31Mar -3 April 1989. Grand Canyon, Arizona. I'm on the last leg of my Tonto Trail Hikes. This section between South Bass and Boucher canyons will complete my traverse of the route from the Little Colorado River to Elves Chasm, about 95 river miles. Tonight I am at Serpentine Canyon, about 4 miles upriver from South. Bass. I came in about 10 miles today, most of which wasn't too bad. The last four miles were in the very hot afternoon sun (can it really be this hot this early?). Fortunately, this spot is cool in the evening and has trickling water so I am very comfortable. Hiking down South Bass seemed fairly easy. This was my third time down that trail so maybe I'm getting used to it. I especially enjoyed crossing the Esplanade with its dwarf evergreen vegetation and long views. Bass Canyon was brushy but the trail was easy to follow. The Tonto Plateau is nice with some good views of the river. But it's hot in the afternoon sun.
Day two rolls by in a blur of effort. Crossing the Tonto in the heat takes its toll. There is little shade and the trail wanders in and out of many side canyons which make for a long day. Fortunately, we had cloud cover for much of the the day and found a little shade under ledges in a few places. Ruby Canyon was the nicest spot. We arrived around 10:00 and found nice shade, cool rocks and a few pools of water. Turquoise Canyon was a bit of a disappointment: no shade and only the barest trickle of water. We waited out a thunderstorm--it was mainly on the North Rim but we got a few drops of rain before rolling out at 4:30. We made a late camp in Sapphire Canyon which had a good water flow. We were all tired. I barely finished eating before dropping off to sleep.
Day three is much nicer. We start early and are in by 1:30. Walking was good all day although it got warm during the last couple hours. Slate Creek was the major drainage crossing--probably goes back a couple miles or so. Morning views were wonderful--soft light filtering through the buttes and canyons. The whole day was one of changing light from morning subtlety to the high sun of mid afternoon. Now we are resting at Boucher Creek in what little shade we can find, waiting for the sun to drop behind the canyon wall. We all lounged in the creek to wash off trail dirt and feel pretty good despite the heat.
Now the hike is over and I can say I've covered the entire Tonto Trail and then some. We came out in about six and a half hours of steady climbing--9 miles and 4400 feet. I was out of camp by 6:00 so I got to see the sunrise and the soft morning light and beat the heat (for a while). Boucher Trail is tough either way. I still remember how hard it was coming down in 85. Climbing is marginally easier but no less work. The trail is easy to follow but hard to walk: lots of loose rock and heavy brush. Have to step carefully as the trail skirts the top of some sheer walls. I climb in segments: 2600 feet and 2 miles to White's Butte, then straight up the back of Travertine Canyon for about 1500 feet, an easy traverse from Yuma Point to Dripping Springs being careful as it skirts the top of a sheer wall and cuts across small drainages. I'm high enough now to see Hermit Rapids. Dripping Springs to the top is the hardest. I'm tired and the day is now very warm. There's no shade, the light reflects harshly from the bright Coconino sandstone, burning into my eyes. I step slowly and deliberately. My stomach is queasy so I don't feel like eating--a bad mistake since I need all the energy I can muster. finally, the trailhead on the rim! I drop my pack and fall on to it. Just shovel me into the car and take me home.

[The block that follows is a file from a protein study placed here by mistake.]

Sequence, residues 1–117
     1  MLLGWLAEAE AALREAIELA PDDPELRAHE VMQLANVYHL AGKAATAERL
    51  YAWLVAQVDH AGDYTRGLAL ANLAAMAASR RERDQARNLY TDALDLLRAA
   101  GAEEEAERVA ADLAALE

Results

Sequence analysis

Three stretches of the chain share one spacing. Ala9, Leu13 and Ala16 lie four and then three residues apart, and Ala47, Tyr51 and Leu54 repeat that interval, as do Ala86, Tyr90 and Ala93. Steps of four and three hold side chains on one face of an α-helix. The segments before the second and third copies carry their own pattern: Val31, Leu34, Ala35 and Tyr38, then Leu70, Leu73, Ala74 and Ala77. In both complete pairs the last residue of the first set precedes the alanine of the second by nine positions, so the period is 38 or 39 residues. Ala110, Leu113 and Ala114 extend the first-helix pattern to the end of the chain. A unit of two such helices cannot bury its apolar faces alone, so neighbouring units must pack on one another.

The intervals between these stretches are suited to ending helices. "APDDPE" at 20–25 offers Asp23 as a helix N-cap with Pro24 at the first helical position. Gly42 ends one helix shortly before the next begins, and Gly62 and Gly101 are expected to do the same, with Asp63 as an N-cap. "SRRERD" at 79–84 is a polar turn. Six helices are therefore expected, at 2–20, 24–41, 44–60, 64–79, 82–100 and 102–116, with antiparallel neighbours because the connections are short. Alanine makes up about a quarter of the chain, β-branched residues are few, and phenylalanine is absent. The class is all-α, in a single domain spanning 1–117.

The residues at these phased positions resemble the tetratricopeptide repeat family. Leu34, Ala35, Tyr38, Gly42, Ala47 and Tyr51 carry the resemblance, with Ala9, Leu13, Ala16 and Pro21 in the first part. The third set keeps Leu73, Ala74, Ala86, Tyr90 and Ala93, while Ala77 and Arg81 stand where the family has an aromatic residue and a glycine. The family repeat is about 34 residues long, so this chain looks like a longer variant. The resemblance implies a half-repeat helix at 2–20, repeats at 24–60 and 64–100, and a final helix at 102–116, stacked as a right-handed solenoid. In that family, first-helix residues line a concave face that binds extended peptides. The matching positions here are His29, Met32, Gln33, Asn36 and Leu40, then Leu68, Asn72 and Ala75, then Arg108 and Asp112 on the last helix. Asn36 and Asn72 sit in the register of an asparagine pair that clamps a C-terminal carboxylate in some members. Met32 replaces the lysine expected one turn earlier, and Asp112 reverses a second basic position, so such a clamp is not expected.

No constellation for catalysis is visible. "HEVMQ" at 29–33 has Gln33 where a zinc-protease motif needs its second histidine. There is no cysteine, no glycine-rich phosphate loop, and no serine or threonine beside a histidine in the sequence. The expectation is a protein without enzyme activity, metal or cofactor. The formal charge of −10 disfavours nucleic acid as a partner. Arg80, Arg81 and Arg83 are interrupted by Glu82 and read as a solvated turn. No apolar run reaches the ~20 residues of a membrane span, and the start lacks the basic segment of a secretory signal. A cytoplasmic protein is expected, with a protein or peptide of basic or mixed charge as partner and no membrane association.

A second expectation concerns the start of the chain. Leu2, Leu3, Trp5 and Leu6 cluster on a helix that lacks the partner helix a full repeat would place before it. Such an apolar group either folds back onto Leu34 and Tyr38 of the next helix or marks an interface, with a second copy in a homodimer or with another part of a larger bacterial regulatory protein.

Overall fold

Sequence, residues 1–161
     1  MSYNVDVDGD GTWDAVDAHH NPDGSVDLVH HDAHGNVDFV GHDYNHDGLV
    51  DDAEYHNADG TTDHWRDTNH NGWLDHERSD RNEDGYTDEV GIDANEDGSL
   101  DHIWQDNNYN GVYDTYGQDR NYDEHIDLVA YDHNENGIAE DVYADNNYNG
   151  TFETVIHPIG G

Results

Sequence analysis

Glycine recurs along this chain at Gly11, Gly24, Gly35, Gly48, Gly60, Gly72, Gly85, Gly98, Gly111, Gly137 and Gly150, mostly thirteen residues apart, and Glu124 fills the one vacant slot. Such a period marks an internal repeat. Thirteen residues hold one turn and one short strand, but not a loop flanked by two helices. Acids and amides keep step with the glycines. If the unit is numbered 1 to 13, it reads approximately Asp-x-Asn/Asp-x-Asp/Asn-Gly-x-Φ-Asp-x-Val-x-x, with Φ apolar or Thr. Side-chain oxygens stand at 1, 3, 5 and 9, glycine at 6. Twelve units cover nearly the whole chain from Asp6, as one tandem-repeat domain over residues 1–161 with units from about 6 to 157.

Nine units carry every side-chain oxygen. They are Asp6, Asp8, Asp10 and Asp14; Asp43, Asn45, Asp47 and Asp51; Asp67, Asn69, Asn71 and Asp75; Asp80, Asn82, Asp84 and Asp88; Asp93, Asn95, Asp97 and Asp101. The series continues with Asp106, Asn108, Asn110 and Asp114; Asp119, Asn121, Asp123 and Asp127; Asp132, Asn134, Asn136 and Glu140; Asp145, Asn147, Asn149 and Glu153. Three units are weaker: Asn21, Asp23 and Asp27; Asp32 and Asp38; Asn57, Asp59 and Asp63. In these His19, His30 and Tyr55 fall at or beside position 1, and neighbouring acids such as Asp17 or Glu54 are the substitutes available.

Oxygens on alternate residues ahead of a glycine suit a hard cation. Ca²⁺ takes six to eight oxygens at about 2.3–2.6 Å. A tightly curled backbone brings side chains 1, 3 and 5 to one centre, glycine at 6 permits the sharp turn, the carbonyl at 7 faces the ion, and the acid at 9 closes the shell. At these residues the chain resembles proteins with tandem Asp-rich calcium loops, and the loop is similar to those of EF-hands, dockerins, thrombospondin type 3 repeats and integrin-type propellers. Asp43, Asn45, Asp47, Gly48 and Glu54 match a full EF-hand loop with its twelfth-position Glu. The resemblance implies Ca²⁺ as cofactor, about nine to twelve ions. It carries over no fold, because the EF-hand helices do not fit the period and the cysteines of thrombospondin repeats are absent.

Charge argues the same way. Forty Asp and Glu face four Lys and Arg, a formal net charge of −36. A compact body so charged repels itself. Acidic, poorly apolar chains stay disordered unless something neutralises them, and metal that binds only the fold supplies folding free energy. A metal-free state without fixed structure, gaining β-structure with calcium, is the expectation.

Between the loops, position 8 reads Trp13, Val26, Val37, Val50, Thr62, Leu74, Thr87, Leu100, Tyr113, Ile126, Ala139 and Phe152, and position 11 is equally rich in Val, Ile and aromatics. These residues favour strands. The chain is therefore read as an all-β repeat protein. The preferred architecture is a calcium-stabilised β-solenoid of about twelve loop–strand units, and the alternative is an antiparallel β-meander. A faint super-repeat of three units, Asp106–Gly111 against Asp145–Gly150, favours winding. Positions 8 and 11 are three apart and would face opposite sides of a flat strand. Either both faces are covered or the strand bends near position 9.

In all, this was a great hike. Not only did I achieve a personal milestone but I had the chance to share the Canyon environment with a good group of friends . We travelled well, each at his or her own pace but never far apart. We encountered and dealt with problems along the way: my lost water bottle, Colleen's feet, Rick's stove, Randy's chair and Bill's anything(?). We were mutually supportive, especially in pumping water. We covered some difficult ground but we also came to know and feel the Canyon; its shapes and textures, its stillness, exuberance and challenge. My favorite camp was Sapphire Canyon. When we reached that spot at the end of the second day we were not only assured of completing the trip in time but also had water to clean up and slake our thirst. We contoured through 12 side canyons--three were immense, sheer walled drainages cutting well back to the rim for miles. Walking into these large side canyons I could see the ledge I was walking on meeting the drainage one or two miles back. Not obvious was how much farther back the side canyons are carved. Crossing so many side canyons was tedious and tiring, especially in the unusual heat of early April. They were obstacles in the way of some very important goals: rest and relaxation.
Sapphire Canyon was a favorite also because of the late afternoon walk in from Turquoise Canyon. Wonderful, late afternoon shadows and colors played across the Tonto Plateau and the rocks towering above it. The heat was dissipating. Sapphire was deep in shadow as the last light made it almost glow.